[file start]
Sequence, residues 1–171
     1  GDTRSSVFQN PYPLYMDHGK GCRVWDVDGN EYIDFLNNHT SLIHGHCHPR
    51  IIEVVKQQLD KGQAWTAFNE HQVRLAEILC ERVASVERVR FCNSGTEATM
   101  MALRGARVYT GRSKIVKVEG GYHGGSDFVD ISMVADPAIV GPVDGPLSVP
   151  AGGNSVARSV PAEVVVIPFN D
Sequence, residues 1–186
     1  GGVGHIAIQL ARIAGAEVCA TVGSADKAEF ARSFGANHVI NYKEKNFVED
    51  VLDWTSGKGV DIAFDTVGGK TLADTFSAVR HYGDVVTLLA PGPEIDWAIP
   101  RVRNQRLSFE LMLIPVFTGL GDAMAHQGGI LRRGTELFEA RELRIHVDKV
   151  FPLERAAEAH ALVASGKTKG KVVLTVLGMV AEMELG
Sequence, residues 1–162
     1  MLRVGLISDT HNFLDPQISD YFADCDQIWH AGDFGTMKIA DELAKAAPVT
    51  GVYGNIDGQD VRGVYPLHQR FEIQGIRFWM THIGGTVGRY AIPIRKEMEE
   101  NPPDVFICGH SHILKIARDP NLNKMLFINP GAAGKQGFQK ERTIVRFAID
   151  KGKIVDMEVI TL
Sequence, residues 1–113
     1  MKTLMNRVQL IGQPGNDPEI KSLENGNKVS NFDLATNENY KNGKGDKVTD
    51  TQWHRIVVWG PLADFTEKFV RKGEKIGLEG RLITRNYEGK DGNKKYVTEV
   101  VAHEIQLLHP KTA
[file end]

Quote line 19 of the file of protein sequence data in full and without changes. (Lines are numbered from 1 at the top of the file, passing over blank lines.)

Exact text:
   101  VAHEIQLLHP KTA